People may have worked out by now that I do not enjoy the healthiest relationship with my family units. My male parental unit, for example, I have not directly spoken with since the end of last year. He has nobody to blame for that but himself, however, so I will not focus on that here except to say that I have an entry in the queue for this journal that I am absolutely battering myself around the head about publishing. Will I? Will I not? I honestly do not know what to do. But the one member of my family that I do try to have any kind of speech with, my mother, messaged me earlier today and informed me that the small brood I am meant to be playing Uncle to, my sister’s children, has gained a member.
My sister already had two children: twin girls whom she and their father named Jade and Jasmyn. I have even seen them in the flesh during one trip to the backwater they presently live in, a trip that I already regret. They are about a week shy of seventeen months old now. So now the lovely couple, my sister and her beau (and they are indeed a lovely couple), have a son that they have named Hunter. Please insert your favourite World Of Warcraft joke here. Hunter and his mother are both apparently healthy – his birthweight is apparently 4.26 kilograms. My mother told me that this is a very big weight for a newborn, so of course my sister has all of my sympathies.
But I think that when any big brother is told that their little sister is going into labour or will do so in a matter of days, their first response is to express the hope that the soon-to-be mother will get through the process as easily and healthily as possible. And that the newborn child will be as healthy as possible. So my hopes have thus far been met.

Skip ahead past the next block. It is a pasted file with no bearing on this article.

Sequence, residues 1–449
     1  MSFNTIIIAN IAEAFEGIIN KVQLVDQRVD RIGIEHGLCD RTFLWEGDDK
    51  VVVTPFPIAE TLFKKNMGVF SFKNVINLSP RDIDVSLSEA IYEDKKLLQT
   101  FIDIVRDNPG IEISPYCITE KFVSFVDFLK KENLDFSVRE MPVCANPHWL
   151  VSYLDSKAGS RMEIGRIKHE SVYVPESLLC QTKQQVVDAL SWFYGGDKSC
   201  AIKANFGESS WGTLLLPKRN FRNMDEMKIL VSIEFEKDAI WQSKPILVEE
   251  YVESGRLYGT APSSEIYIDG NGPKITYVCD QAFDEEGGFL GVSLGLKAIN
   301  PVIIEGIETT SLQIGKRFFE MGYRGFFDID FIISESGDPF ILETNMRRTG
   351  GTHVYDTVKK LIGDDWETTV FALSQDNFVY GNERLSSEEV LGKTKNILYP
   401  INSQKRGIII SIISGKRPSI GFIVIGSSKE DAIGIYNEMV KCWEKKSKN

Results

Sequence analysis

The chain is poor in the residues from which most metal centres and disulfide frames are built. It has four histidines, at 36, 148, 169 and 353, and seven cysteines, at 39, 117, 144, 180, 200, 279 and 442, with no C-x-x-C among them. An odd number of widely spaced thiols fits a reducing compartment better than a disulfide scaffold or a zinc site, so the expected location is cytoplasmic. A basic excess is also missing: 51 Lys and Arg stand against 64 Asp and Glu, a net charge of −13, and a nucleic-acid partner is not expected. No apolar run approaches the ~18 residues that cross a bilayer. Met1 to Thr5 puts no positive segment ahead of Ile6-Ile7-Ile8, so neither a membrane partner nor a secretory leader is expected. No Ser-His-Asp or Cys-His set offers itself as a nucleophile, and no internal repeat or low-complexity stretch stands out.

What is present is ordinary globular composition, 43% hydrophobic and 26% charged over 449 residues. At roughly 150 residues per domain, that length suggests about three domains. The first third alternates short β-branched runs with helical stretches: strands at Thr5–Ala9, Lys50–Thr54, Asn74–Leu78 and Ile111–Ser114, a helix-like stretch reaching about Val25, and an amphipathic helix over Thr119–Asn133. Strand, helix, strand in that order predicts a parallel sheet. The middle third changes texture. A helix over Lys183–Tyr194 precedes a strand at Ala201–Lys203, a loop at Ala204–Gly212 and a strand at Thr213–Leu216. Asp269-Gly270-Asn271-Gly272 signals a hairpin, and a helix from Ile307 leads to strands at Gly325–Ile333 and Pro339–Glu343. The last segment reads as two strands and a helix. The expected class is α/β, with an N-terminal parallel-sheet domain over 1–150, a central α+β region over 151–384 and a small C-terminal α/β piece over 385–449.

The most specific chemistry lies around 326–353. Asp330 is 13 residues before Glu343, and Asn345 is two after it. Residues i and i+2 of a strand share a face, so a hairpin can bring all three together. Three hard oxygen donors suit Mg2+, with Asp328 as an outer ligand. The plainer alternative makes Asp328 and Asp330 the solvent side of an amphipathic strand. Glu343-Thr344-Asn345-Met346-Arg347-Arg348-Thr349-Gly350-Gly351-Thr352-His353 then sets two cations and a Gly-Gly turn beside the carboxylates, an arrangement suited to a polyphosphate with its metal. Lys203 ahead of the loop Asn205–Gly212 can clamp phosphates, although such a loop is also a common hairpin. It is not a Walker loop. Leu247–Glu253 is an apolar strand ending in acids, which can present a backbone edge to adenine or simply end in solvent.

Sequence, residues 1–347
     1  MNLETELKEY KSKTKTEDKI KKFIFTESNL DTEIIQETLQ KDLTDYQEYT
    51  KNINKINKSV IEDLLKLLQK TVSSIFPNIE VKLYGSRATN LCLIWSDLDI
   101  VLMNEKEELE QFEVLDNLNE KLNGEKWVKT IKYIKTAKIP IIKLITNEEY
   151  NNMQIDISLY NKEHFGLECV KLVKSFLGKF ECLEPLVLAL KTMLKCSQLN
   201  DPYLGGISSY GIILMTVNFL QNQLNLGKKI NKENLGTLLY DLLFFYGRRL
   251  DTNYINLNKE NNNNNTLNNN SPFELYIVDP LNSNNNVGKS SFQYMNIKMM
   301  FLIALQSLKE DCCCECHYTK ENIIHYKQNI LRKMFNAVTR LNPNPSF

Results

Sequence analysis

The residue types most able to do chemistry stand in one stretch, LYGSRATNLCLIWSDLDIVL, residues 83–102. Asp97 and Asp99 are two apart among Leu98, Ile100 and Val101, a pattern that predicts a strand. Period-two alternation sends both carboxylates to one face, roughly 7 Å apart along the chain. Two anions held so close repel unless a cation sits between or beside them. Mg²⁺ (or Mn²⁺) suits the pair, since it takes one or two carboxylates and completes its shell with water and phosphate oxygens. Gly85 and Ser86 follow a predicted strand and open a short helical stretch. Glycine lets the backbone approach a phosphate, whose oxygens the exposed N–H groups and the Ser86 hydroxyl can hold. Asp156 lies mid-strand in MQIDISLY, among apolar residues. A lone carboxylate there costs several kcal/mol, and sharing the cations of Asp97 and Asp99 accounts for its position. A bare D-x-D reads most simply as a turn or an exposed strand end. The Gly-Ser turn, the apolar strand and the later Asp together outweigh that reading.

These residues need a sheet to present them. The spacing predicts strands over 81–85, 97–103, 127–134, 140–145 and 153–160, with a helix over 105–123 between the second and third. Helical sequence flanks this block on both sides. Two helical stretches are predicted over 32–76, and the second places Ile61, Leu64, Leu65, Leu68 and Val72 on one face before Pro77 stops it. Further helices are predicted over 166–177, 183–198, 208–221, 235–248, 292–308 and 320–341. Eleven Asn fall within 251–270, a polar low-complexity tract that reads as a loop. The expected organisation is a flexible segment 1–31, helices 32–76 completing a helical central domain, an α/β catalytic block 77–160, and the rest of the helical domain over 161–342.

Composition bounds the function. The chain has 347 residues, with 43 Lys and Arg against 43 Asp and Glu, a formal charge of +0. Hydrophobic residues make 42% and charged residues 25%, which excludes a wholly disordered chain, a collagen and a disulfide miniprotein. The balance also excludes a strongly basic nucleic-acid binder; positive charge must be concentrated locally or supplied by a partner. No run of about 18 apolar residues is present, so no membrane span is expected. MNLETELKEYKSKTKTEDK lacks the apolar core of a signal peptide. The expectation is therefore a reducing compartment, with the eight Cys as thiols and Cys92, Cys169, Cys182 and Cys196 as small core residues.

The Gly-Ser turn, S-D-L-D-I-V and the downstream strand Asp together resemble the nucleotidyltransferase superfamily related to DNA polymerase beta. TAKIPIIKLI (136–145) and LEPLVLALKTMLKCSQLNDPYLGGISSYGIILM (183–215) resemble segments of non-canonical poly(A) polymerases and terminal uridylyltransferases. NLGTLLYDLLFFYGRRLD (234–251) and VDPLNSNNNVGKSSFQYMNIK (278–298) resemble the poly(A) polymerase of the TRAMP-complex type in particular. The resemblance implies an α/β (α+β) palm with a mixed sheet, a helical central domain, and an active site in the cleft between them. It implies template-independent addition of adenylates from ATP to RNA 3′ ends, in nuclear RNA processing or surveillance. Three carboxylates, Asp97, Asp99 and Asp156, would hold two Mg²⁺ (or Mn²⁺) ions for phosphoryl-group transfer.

But that, of course, brings to mind my thoughts about the future, and what happens over the next twenty years. As I have mentioned in documents elsewhere on this journal, my mother was near to a decade younger when I was born, compared to when my sister had her first children. Sociologists have listed the age of the mother at birth as being a major factor in how a child’s life progresses from that point. So Jade, Jasmyn, and Hunter have a considerable advantage compared to their mother and maternal uncle in that respect. But in a society of worsening income inequality, will that be enough?
I honestly do not know what else to say in the matter. If you have read enough of my work here, then please join me in wishing that my nieces and nephew have a future that looks and sounds less like such songs as …Of Tragedy and more like Earache My Eye. Those of you who have begun to stand up and protest the worsening income inequality, control of our governments by corporations, and exclusion of those who are “different”, please continue to do so. Together, we can prevent Hunter from looking back on his life a third of a century from now and saying the same things I do now.
Anyway, I will cut this writing off early so that I do not start to ramble and turn it into a complete expression of everything that is wrong with me. Please join me in holding my hands together and asking Odin above to make Hunter‘s journey through what is becoming an increasingly hostile world a more pleasant and productive one. Now, excuse me whilst I go off to listen to a Faith No More song called Zombie Eaters, and laugh knowingly.